Musalaha hosted the third of its three camps July 18-23, 2016 where more than 120 campers and staff came together for our annual Children’s Summer Camp at the Baptist Village in Petah Tikva, Israel. Below, one of our camp volunteers shares some impressions.
When asked to write about my first-time experience at the 2016 Musalaha Children’s Summer Camp, I immediately said yes and just as quickly became overwhelmed with how to share all that’s been swirling in my mind since I returned home. The experience left an imprint on my heart. I’ll attempt to share with you and put into words how my time at the camp was life-changing and reaffirmed that God has limitless love for His people.
The Musalaha camp is a blessing not only for children, but for its staff, leaders, and helpers. In fact, there were almost as many leaders and helpers as there were campers! This was surprising at first, until we learned that the system in place was a progression for campers to continue in the camp after they had reached the maximum camper age limit. As young helpers, they would continue in the environment, but with added responsibilities until they could become leaders. It’s an effective way for the kids to stay involved.
The goal of Musalaha is reconciliation through learning and, most importantly, exposure. At camp, Israeli and Palestinian kids can meet each other in neutral and safe surroundings. Year after year, as friendships forge, they continue to meet and stereotypes crumble. Outside of camp, plunged back into their realities, there is too much opportunity to unlearn the lessons of empathy.
The week of camp was a time I won’t forget. Campers, helpers, and leaders spoke varying levels of English, Arabic, and Hebrew. Through language barriers, we still found effective ways to communicate. Laughter and love are universal languages spoken everywhere. I had a chance to teach some of the kids how to play basketball, which isn’t nearly as popular as football (what we call soccer in the U.S.) but the kids still had a great time. We learned and sang so many songs, from which I only remember yelling “banana!” and “papaya!” in Arabic with the kids at the top of my lungs. We cooled off from the relentless sun in the swimming pool, where the kids didn’t care where you came from as they climbed on your shoulders and tried to dunk you underwater.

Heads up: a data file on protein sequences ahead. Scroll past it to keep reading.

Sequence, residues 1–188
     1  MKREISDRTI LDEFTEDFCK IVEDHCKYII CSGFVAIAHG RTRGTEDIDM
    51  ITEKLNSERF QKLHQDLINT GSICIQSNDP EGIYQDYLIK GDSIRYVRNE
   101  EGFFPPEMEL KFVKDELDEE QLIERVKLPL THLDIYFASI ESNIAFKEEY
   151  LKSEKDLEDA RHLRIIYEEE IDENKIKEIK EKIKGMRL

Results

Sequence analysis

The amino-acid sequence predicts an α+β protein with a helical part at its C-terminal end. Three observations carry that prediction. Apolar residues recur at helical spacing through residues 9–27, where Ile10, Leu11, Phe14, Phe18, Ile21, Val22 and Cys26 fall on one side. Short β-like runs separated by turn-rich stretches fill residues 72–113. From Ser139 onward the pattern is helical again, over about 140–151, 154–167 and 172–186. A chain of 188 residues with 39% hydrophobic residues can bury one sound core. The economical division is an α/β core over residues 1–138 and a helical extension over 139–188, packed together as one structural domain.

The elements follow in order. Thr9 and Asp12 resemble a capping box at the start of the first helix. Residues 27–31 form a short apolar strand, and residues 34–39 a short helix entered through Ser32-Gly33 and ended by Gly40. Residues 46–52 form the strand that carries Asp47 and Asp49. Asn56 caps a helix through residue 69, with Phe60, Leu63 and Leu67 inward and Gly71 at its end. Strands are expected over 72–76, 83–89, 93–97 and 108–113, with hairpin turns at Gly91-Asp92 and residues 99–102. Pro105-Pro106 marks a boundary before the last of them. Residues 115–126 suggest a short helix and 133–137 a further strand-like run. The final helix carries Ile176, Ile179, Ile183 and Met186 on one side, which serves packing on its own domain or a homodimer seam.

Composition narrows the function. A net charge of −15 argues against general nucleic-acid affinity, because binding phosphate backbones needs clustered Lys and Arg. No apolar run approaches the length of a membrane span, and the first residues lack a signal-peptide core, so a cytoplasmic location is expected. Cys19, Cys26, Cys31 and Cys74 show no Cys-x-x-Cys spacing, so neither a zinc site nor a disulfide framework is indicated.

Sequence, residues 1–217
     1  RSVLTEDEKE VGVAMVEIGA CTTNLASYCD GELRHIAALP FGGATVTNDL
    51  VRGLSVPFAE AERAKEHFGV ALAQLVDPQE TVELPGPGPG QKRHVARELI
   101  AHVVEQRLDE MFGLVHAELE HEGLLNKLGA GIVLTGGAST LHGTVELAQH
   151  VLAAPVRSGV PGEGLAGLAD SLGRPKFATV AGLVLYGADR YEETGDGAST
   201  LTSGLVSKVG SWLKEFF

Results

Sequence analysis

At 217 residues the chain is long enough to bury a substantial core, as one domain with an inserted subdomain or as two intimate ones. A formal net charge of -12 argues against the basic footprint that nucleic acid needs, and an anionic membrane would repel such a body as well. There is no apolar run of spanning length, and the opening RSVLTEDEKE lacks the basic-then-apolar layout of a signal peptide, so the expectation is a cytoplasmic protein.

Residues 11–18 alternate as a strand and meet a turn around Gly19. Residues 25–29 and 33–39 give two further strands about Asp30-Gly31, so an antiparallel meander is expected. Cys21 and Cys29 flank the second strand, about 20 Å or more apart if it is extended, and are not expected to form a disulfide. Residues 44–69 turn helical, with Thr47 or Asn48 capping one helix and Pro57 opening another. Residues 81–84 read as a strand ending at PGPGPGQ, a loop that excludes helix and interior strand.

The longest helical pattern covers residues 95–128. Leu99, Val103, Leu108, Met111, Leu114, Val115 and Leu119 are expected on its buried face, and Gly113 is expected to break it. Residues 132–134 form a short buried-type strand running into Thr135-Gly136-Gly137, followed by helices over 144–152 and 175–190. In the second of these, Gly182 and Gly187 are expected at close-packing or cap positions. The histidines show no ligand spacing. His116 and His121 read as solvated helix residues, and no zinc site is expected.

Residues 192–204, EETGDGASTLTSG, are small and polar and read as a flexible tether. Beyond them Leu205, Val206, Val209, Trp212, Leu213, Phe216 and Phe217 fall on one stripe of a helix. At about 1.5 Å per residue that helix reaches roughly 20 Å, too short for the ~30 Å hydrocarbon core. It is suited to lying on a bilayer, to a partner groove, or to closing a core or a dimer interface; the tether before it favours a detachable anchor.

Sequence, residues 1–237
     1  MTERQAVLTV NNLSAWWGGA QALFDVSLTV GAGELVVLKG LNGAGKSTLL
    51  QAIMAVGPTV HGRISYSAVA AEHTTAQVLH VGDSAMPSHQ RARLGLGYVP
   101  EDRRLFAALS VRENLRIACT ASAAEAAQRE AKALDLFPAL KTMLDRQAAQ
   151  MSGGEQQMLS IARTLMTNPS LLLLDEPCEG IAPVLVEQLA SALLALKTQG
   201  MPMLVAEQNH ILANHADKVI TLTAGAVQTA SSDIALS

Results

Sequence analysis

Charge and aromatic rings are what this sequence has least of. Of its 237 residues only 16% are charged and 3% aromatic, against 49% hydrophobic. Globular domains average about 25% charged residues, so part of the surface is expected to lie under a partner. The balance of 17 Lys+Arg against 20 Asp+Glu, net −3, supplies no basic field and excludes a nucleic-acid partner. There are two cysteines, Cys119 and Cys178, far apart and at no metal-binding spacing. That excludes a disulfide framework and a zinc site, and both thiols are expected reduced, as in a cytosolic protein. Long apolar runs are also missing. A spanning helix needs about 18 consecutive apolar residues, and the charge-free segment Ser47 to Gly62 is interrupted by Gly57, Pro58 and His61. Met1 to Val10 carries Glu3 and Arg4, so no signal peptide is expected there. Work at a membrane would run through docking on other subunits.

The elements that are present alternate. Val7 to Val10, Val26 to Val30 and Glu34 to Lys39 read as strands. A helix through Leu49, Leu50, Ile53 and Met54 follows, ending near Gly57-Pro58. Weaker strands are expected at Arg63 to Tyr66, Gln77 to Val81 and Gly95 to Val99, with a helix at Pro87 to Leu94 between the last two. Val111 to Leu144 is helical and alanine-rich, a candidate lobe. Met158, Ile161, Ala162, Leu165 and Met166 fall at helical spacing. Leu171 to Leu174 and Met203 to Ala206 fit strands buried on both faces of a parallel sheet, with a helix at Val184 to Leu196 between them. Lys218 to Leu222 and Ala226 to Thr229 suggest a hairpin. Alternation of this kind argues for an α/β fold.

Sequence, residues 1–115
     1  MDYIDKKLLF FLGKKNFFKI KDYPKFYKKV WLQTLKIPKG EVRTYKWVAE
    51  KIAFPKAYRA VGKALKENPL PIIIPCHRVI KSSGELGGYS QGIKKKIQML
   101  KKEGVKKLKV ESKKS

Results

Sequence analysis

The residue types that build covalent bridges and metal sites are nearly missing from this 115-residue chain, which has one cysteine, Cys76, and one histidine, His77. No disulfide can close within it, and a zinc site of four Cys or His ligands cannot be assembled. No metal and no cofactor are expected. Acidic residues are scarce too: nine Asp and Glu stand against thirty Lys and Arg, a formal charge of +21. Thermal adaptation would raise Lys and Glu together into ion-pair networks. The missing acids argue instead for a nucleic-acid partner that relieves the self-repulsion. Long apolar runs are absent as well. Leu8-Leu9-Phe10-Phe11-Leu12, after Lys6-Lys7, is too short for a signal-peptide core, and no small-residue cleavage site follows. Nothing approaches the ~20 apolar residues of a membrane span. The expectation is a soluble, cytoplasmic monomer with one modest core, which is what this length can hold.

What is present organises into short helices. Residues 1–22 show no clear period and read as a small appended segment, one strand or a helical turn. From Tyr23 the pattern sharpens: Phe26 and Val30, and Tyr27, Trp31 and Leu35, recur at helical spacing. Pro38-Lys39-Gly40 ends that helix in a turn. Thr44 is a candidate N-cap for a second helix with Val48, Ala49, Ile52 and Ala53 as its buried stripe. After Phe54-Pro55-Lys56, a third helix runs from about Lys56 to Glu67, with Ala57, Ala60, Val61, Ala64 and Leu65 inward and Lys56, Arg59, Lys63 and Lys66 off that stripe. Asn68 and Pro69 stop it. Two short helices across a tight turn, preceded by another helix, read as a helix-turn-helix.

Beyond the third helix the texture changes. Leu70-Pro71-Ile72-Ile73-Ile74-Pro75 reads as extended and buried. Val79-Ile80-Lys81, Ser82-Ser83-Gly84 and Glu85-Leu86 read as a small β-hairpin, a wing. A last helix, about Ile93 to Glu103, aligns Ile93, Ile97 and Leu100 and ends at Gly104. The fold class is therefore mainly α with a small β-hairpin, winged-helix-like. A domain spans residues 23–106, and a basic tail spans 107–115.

During the Bible study time, we focused on “Heroes of the Bible” and heroes in our society. Several campers were excited to see their camp counselors were like heroes.
Our super hero crafts were a hit! The kids decorated masks, belts, and capes which they donned and ran around hoping to fly. Giving children a blank canvas with some creative tools to express themselves is a great thing to witness. Also, kids on both sides of the world use much more glue than necessary to hold two pieces of paper together. Messy, but comforting.
What do I take with me?
One of my biggest challenges was trying to process and distill my experience for those back at home. Supported by my family and friends, I had an obligation to share with them what I saw, felt, and learned. Much of the turmoil caused by the conflict makes the news here in the U.S. What doesn’t make the news is the collaboration of Israeli and Palestinian youth who help run a children’s camp for a week out of their year. Wars make the headlines for adults, but I’d rather talk about the annual camp color war which is comprised of kids armed with handfuls of color powder throwing them at each other. Bursts of red, blue, green, purple, and yellow powder flew through the air and onto our clothes. For a brief hour, colored rainbows streaked through the air while kids forgot about the burdens of any other conflict. The only “conflict” was to quickly get a handful of powder to douse a friend’s white shirt into a palette of color. That was one of the highlights of the camp.
Musalaha has a mission of reconciliation and healing in a region that is saturated with conflict. The Bible teaches us that love is the ideal we should seek. In today’s Israel-Palestine, I imagine that getting to love feels like an unsurmountable task. There are walls in places where we should instead be having conversations. But if you could have heard the campers’ laughter, seen their smiles, and felt God’s embrace like I did, you might allow yourself some hope. If you had seen the kids dancing side by side, regardless of where they were born, you might be more optimistic than cynical. I came home with resolve to share that God’s love will always triumph. To reaffirm that God’s love will always shine in the darkest corners. The camp taught me much more than I hoped to teach the children.